Two years ago the 30-year fixed mortgage rate was 4.6%. Today it is 2.9%. If your mortgage is in the high threes, you should consider refinancing.
Refinancing would lower your monthly payment, freeing up cash for other uses. If you have high interest debt, you could pay it off with a cash out refinance.
A refinance could change your payment schedule to pay off the mortgage earlier. Or a refinance may eliminate the need for private mortgage insurance (PMI) payments.
But refinancing is not all wine and roses. Read on…
Lower monthly payment
The average size of new mortgage applications is more than $350,000. Refinancing a 30-year $350,000 mortgage from a 4.6% rate to a 2.9% rate would lower the monthly payment by $337.
That saves over $4000 per year.
Two years ago, the difference between the 30-year mortgage rate and a 5-year adjustable rate was 0.7%. The difference today is only 0.2%.
If you have an adjustable rate mortgage and you plan to stay in your house past the 5-year fixed rate period, locking in historically low rates may be the right move.
Carrying a balance on your credit cards? Use a cash out refinance to provide funds to pay off credit cards or other high interest debt.
Borrowing against your home equity at 3% to pay off credit card debt at 20% is a good trade.
Be debt-free sooner
If your goal is to pay off your mortgage, you could refinance a 30-year mortgage with a lower rate 30-year mortgage but keep paying the same amount. Or you could refinance a 30-year mortgage with a 15-year mortgage.
Lowering the interest rate from 4.6% to 2.9% lowers the monthly payment from $1,794 to $1,457 on a $350,000 mortgage.
If you refinanced but continued paying $1794, the additional $337 would go toward the principal. The $1794 payment would pay off the mortgage in 22 years — eight years early.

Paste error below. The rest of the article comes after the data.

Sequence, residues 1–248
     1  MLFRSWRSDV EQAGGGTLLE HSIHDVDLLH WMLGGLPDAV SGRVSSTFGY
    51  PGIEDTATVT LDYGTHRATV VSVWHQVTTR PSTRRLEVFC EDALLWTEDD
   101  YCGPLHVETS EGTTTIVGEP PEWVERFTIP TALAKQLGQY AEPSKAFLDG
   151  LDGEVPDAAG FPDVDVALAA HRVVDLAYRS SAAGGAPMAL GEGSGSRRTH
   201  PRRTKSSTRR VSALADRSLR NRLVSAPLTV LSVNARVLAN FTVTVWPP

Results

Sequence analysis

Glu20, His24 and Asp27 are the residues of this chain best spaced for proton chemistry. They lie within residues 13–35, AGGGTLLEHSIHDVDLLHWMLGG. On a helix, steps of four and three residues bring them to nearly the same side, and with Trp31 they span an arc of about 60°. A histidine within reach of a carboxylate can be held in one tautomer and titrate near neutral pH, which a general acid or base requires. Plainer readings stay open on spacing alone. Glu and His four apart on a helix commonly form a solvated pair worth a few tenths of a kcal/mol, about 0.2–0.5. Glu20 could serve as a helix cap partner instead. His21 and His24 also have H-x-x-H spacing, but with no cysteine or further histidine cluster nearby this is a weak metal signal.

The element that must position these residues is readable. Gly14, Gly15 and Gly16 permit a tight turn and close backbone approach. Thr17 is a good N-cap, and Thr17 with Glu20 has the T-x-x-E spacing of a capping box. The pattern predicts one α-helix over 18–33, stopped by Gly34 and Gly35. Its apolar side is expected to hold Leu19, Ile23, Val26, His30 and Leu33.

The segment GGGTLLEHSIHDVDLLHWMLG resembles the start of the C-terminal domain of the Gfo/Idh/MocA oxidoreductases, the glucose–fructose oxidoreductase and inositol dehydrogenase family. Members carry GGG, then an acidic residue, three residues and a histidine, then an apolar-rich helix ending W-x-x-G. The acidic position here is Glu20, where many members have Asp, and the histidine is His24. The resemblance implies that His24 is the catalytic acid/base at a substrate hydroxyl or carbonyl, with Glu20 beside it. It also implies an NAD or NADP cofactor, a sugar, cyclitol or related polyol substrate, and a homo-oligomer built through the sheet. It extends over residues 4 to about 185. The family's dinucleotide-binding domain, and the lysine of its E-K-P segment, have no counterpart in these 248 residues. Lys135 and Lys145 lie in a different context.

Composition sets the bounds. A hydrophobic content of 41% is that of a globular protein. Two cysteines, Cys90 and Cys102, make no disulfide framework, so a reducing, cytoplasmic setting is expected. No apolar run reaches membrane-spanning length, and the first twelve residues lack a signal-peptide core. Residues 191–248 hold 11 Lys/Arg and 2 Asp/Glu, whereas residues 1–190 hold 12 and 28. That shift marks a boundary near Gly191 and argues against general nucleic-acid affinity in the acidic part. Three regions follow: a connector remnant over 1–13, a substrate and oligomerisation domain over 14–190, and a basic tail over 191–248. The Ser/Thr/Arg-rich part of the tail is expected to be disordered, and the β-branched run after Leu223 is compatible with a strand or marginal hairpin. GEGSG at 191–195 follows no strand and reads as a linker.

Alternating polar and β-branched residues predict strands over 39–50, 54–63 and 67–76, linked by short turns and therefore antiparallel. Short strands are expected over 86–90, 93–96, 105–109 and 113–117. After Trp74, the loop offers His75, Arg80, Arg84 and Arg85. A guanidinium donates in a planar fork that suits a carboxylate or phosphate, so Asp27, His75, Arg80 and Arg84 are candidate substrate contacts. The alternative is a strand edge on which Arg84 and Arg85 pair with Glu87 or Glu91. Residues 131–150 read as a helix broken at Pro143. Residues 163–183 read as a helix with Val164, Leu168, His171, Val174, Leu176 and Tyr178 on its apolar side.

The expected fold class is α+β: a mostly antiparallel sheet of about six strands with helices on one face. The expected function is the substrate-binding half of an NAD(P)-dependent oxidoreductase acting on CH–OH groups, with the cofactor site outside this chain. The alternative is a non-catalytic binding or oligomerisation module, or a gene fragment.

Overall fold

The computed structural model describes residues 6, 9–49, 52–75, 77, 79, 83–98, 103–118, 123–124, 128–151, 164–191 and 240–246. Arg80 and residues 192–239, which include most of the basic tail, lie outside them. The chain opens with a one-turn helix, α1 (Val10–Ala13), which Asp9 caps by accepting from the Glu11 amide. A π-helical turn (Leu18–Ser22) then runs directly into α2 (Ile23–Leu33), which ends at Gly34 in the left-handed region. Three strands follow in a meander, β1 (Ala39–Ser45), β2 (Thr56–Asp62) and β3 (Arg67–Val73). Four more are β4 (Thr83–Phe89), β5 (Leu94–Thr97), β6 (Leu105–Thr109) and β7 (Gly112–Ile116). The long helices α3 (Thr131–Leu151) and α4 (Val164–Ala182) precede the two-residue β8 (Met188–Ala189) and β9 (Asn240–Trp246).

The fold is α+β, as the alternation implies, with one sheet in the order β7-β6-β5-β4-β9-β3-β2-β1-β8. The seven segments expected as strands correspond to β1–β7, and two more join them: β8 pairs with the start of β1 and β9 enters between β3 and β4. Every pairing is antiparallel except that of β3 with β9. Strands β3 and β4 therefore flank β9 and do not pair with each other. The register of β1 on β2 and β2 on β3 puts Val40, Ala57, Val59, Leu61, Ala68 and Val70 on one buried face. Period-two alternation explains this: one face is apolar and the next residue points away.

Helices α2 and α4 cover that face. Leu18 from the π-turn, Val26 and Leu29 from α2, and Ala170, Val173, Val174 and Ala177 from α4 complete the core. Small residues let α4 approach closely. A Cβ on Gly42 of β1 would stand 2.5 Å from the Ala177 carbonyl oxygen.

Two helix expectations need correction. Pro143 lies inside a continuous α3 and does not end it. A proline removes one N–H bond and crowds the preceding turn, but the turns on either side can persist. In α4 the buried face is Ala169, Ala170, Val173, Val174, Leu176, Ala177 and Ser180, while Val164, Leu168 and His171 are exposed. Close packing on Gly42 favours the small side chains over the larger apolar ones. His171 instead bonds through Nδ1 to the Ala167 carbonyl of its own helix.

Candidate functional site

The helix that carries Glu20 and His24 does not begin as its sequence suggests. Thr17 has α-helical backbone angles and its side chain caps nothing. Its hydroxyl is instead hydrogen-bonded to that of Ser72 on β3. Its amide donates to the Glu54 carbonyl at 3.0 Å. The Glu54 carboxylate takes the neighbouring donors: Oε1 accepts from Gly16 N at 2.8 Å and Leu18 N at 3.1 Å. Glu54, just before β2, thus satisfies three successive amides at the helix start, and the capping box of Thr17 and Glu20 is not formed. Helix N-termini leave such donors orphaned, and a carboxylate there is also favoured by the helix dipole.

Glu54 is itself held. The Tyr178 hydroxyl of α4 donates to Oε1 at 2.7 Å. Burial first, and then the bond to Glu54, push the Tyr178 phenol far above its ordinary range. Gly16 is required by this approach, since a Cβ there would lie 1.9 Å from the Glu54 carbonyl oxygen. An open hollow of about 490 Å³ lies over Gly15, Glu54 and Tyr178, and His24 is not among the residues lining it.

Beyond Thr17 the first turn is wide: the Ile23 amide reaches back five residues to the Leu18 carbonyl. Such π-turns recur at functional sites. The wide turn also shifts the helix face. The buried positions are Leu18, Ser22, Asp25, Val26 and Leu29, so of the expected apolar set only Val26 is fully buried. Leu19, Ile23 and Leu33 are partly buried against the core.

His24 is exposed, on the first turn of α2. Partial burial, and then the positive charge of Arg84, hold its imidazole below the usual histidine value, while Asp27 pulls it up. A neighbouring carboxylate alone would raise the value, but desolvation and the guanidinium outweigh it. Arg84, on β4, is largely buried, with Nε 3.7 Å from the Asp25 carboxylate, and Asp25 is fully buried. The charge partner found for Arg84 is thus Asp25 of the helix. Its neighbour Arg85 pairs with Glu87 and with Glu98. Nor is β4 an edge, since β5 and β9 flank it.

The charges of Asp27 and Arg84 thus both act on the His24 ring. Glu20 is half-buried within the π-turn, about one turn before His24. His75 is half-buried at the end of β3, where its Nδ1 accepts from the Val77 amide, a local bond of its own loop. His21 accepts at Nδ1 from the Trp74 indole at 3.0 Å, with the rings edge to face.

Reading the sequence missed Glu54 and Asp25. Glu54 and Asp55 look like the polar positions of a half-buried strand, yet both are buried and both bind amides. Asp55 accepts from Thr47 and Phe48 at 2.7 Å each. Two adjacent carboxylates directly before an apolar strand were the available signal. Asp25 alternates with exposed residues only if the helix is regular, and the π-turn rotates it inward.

The higher payment is optional, of course. If you had a tight month now and then you would only be required to make the $1457 payment, not the higher voluntary amount.
Refinancing to a 15-year mortgage would reduce the rate to 2.5%. The payment for the 15-year refinance would rise to $2,334.
That is a $540 per month higher payment than the old 30-year mortgage but you would pay off the mortgage 15 years sooner.
Most lenders require private mortgage insurance (PMI) if the down payment was less than 20% of the home’s value. PMI can cost up to 1% of the loan amount annually.
If the home appreciated since purchase, the mortgage debt may now be less than 80% of the home value. If so, the refinanced mortgage would not require PMI.
Eliminating PMI would save this mortgage holder up to $3500 each year in addition to the payment savings.
So what could go wrong?
To paraphrase a tweet I saw last week, the best retirement plan for a baby boomer is to buy a house in 1978 for $50,000.
The point was that home equity is a significant part of the owner’s net worth. Don’t squander it.
The average home price in 1978 was $59,000. Today it is $370,000. For most homeowners, their houses are their largest investments.
A cash out refinance for an addition or remodel, for example, is an investment. It should increase the value of your home. A cash out for non-investment purposes, an extravagant vacation perhaps, lowers your net worth.
Most retirees would prefer a paid off house over an impressive Instagram profile. So spend that refinancing windfall wisely.